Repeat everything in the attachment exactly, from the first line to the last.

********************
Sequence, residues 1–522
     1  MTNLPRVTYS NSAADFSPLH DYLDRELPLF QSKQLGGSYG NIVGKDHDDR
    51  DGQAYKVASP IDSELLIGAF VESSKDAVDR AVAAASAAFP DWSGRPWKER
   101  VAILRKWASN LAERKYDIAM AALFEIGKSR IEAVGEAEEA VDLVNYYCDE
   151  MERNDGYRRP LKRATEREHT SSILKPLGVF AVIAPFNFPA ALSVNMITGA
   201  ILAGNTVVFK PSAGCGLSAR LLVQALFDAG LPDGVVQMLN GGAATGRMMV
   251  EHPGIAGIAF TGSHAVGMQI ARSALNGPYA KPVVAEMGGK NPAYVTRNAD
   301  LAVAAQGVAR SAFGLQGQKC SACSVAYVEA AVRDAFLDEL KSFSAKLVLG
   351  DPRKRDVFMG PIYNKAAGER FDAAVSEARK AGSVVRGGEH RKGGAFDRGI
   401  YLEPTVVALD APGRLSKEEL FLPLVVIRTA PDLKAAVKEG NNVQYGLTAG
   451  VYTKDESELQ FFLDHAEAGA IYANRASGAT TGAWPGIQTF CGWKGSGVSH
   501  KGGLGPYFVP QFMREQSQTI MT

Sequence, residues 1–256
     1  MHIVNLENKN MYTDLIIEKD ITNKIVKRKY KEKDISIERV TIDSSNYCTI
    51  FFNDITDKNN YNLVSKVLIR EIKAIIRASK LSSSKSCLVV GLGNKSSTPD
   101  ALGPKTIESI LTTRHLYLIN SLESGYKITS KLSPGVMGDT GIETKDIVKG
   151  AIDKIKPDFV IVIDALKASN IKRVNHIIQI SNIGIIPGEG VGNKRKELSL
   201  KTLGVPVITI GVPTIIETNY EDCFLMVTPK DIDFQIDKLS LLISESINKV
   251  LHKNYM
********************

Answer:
Sequence, residues 1–522
     1  MTNLPRVTYS NSAADFSPLH DYLDRELPLF QSKQLGGSYG NIVGKDHDDR
    51  DGQAYKVASP IDSELLIGAF VESSKDAVDR AVAAASAAFP DWSGRPWKER
   101  VAILRKWASN LAERKYDIAM AALFEIGKSR IEAVGEAEEA VDLVNYYCDE
   151  MERNDGYRRP LKRATEREHT SSILKPLGVF AVIAPFNFPA ALSVNMITGA
   201  ILAGNTVVFK PSAGCGLSAR LLVQALFDAG LPDGVVQMLN GGAATGRMMV
   251  EHPGIAGIAF TGSHAVGMQI ARSALNGPYA KPVVAEMGGK NPAYVTRNAD
   301  LAVAAQGVAR SAFGLQGQKC SACSVAYVEA AVRDAFLDEL KSFSAKLVLG
   351  DPRKRDVFMG PIYNKAAGER FDAAVSEARK AGSVVRGGEH RKGGAFDRGI
   401  YLEPTVVALD APGRLSKEEL FLPLVVIRTA PDLKAAVKEG NNVQYGLTAG
   451  VYTKDESELQ FFLDHAEAGA IYANRASGAT TGAWPGIQTF CGWKGSGVSH
   501  KGGLGPYFVP QFMREQSQTI MT

Sequence, residues 1–256
     1  MHIVNLENKN MYTDLIIEKD ITNKIVKRKY KEKDISIERV TIDSSNYCTI
    51  FFNDITDKNN YNLVSKVLIR EIKAIIRASK LSSSKSCLVV GLGNKSSTPD
   101  ALGPKTIESI LTTRHLYLIN SLESGYKITS KLSPGVMGDT GIETKDIVKG
   151  AIDKIKPDFV IVIDALKASN IKRVNHIIQI SNIGIIPGEG VGNKRKELSL
   201  KTLGVPVITI GVPTIIETNY EDCFLMVTPK DIDFQIDKLS LLISESINKV
   251  LHKNYM